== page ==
Looking back on my experience, the biggest leadership challenge I faced was not being able to replace personnel. This situation taught me a powerful lesson: using the right people in the right roles will accelerate results.
My command staff should not have been busy doing $5 an hour work, where their skill sets were underutilized. But they were. And this did not change until I was able to communicate to the crew our mission, and then use the right people for the right duties and responsibilities.
You have the opportunity to attract and select the best talent for your key roles. Take advantage of this opportunity. Think about what you can accomplish if you dedicate time and effort to your hiring process.
A clear vision and the ideal team represent a strong mix, ensuring sustained growth and elevated performances.
Right People, Right Roles
Matching individual talent with a role is not an easy task. Top performers in one environment can be mediocre in another. Conversely, mediocre performers may thrive in a new environment.
Intangibles, such as attitude, culture and behaviors, however, ultimately determine a candidate’s success.
Similarities in intangibles between your team and your company will create a higher engagement level, leading to greater productivity and better retention.
Alignment is an essential step for building the ideal team. It’s critical that your expectations are
in sync with your goals. Internal alignment is crucial. The greatest impact to business results, however, comes from alignment to the customer.
When your customers’ expectations are fulfilled, they are more likely to recommend your organization and to purchase products and services in the future.
Selecting the Right People
Building an exceptional team starts with good people decisions. Whether it’s an internal promotion or a new hire, choosing people for key positions is something I rarely delegated. The minute you let an ineffectual manager in the door, they will hire individuals who are even less effective. And before you know it, your standards and expectations have taken a major hit.
Would you trust this person with your best customer? If the answer is no, then you need to dig deeper. You should be able to trust your best customer with anyone you hire.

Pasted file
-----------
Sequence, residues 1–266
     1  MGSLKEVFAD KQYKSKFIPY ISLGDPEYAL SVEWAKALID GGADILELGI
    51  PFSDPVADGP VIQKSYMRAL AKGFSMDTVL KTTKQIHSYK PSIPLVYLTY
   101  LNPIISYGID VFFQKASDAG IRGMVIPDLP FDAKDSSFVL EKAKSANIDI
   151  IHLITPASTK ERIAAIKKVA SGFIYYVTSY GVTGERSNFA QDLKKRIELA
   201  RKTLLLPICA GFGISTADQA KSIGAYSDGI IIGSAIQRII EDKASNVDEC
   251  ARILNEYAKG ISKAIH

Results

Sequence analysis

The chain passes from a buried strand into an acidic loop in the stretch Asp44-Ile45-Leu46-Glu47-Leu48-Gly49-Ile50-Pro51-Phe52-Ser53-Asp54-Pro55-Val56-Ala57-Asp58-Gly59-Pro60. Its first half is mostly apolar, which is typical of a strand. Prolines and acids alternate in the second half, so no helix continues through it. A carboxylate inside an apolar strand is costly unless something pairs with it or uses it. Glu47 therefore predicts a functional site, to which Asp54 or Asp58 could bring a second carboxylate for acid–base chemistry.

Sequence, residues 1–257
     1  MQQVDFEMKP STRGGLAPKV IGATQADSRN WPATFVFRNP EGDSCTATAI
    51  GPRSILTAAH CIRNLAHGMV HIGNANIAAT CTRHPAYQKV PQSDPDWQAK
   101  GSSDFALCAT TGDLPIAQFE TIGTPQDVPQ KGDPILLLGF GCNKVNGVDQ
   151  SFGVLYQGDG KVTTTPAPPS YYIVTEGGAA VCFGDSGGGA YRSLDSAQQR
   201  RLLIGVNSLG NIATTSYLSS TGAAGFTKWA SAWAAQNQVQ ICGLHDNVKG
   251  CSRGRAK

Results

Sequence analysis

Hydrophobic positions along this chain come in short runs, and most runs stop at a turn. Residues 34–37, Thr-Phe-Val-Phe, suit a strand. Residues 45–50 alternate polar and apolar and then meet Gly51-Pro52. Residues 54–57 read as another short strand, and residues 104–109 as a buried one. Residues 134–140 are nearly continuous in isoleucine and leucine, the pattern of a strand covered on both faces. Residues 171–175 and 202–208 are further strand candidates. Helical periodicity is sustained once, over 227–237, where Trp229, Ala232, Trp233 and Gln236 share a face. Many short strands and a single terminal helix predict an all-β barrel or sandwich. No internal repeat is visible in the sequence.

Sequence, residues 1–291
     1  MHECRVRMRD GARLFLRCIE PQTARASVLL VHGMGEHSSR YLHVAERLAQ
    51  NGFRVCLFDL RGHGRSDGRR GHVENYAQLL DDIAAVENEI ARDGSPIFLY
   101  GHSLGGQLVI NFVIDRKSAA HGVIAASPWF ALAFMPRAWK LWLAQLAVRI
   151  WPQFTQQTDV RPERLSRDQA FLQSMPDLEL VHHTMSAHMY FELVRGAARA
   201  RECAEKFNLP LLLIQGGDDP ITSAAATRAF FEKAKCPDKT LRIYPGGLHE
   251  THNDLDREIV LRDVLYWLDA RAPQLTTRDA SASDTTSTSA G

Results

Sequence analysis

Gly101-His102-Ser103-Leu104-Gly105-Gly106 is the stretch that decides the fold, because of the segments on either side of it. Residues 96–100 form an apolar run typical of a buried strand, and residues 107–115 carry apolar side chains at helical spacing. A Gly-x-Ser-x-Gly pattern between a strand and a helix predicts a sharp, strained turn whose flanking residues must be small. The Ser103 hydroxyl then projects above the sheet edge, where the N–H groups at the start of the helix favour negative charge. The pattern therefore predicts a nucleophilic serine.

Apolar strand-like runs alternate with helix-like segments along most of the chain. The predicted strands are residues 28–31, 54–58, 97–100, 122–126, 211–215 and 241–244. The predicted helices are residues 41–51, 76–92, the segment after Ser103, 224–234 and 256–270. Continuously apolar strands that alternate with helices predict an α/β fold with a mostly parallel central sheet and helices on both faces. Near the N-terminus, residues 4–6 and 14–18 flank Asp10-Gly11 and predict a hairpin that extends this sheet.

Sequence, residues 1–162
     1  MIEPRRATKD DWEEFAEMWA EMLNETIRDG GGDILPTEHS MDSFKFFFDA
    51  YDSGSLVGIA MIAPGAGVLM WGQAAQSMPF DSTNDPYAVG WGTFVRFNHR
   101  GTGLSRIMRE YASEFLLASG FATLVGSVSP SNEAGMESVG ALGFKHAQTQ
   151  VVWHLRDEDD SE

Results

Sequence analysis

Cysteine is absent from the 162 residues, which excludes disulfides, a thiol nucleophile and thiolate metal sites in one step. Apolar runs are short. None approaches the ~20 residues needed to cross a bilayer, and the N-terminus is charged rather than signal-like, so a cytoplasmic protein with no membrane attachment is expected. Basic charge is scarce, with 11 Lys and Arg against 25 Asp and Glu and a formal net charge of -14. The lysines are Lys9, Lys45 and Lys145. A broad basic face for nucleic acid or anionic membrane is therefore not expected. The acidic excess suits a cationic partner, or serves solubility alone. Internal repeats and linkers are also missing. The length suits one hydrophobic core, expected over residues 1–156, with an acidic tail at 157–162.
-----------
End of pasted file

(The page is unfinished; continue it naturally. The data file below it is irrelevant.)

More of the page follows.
Don’t trust your gut. Seek contrary information in the interview process. Every candidate should be considered as objectively as possible. Most hiring decisions are made on the first impression. Our “gut feeling” takes about two minutes to determine a candidate’s viability.
How many times has that burned you? I always look for contrary information when I feel myself reaching a conclusion about a candidate.
Reference checks are often dismissed, but they may provide great insight as to the previous performance of your candidates.
Study your best and worst performers. Identify the five qualities of your top and bottom performers. Use these qualities as the cornerstone in your hiring process. Build your interview around these skills and abilities, and ask for practical experience when you can.
People who are successful in one company won’t always be successful in yours. Experience and skills are important. But it’s more important to determine how a candidate fits into your culture, as this can make or break employee performance.
Poor recruitment decisions are costly in lost productivity and sales. Finding new candidates costs time and money. Find the people who will be the benchmarks of success for your organization now and into the future.